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Flying Toaster screen savers return on GitHub

You thought CSS was evil? Here's proof

Internet Security Threat Report 2014

A Washington-based coder named Bryan Braun has recreated one of the curiosities of the early PC age: animated screensavers featuring flying toasters. And the resurrection has been effected using cascading style sheets.

For the young or forgetful, the late eighties and early 90s were the time of the animated screensaver. The cathode-ray-tube monitors of the day were felt to suffer from “burn-in”, a condition that meant images displayed for thousands of hours would etch themselves in ghostly form on the screen. That shading made using early editions of Mac OS, Windows 3.x or OS/2 even more miserable than was already the case on the anaemic hardware of the day. Animated screen savers were the antidote and became a business for a software outfit called Berkeley Systems, whose After Dark screen saver compendium adorned many a PC.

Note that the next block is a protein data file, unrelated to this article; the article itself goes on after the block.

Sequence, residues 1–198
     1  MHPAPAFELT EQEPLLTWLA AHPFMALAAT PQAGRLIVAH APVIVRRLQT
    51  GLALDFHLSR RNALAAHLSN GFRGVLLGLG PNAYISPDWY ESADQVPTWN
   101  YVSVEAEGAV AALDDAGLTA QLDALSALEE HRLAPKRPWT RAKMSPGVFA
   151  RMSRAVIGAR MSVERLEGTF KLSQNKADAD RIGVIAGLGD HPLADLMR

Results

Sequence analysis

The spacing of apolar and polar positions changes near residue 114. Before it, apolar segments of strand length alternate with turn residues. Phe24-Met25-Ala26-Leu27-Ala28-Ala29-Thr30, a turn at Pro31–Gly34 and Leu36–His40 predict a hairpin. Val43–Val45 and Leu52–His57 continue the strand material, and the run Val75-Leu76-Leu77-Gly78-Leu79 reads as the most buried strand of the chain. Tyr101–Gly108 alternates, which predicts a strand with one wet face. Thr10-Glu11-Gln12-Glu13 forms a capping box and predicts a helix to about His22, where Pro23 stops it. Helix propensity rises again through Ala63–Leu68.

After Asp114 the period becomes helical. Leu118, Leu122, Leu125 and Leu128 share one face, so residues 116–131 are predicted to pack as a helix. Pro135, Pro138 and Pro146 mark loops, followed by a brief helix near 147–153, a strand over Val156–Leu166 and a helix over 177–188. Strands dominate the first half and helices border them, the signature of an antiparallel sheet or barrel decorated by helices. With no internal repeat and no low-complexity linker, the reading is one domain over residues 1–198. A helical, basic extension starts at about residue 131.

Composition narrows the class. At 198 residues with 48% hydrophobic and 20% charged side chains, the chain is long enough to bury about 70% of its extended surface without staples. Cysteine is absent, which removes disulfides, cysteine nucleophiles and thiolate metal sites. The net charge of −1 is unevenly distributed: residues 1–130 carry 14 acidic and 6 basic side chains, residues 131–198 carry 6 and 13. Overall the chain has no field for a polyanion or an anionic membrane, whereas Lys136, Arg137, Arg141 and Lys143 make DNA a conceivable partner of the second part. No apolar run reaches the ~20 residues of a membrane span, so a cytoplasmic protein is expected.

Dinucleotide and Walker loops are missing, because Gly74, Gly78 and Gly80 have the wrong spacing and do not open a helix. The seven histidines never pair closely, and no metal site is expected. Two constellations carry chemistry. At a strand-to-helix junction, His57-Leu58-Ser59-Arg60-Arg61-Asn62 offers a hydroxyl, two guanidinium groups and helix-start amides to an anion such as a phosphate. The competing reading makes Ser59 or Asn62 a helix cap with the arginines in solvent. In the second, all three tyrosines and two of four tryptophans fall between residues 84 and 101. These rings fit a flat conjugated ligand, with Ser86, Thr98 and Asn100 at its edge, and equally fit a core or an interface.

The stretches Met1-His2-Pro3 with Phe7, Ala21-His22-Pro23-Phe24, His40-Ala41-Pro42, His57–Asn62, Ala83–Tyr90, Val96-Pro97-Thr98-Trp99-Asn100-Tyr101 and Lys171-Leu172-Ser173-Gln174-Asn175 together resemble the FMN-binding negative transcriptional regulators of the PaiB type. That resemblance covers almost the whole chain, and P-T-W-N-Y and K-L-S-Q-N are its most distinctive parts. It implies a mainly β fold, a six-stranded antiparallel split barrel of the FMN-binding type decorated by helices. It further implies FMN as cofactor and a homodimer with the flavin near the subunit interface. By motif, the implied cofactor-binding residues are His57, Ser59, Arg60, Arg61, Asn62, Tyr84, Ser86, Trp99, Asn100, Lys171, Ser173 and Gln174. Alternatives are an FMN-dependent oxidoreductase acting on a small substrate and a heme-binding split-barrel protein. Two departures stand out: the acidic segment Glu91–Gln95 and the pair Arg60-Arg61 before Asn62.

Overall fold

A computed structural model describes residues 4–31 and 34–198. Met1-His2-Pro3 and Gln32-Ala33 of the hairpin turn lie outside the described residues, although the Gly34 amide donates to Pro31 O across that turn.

Burn-in turned out to be very difficult to achieve, but for a while their animated screen savers were a thing, and clearly a thing capable of inspiring nostalgia.

Hence Braun's efforts, detailed here, which reveal that rebuilding the screensaver wasn't seem horridly complex. Braun's also offered the code for his efforts on GitHub, complete with the a nicely retro-styled menu system you can see here.

Flying Toaster screen saver rebuilt in CSS

Please stop: we'd like to butter you

A trip back to the early 90s is now therefore possible, thanks to CSS and open source code. Folks behind those efforts are doubtless thrilled they've been put to such important use. ®

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